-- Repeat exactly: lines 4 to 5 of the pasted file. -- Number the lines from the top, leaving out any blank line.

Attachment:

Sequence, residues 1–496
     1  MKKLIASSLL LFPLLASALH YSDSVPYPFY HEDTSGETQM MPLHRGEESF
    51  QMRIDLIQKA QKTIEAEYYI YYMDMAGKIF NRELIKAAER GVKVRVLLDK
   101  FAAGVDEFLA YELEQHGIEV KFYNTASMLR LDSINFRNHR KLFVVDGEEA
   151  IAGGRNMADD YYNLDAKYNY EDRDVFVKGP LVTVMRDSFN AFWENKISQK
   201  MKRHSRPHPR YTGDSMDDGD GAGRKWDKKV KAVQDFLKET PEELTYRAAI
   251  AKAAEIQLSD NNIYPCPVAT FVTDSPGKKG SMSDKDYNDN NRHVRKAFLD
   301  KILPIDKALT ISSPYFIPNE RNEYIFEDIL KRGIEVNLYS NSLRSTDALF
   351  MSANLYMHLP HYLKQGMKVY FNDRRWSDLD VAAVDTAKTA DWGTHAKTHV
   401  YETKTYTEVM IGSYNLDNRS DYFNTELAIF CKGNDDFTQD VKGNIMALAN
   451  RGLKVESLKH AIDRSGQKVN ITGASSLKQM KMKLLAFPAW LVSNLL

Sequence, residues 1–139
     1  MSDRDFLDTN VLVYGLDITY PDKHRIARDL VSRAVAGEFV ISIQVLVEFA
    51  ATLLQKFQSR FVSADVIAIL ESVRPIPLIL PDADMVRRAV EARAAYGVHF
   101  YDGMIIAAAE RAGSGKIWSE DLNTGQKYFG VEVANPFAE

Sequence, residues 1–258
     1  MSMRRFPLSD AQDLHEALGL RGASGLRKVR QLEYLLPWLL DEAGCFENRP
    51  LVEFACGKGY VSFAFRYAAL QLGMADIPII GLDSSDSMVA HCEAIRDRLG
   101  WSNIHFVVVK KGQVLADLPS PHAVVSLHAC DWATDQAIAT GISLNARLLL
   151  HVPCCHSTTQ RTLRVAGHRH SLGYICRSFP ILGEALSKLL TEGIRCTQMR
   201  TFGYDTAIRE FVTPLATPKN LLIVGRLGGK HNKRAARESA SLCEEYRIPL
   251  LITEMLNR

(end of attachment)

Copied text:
   101  FAAGVDEFLA YELEQHGIEV KFYNTASMLR LDSINFRNHR KLFVVDGEEA
   151  IAGGRNMADD YYNLDAKYNY EDRDVFVKGP LVTVMRDSFN AFWENKISQK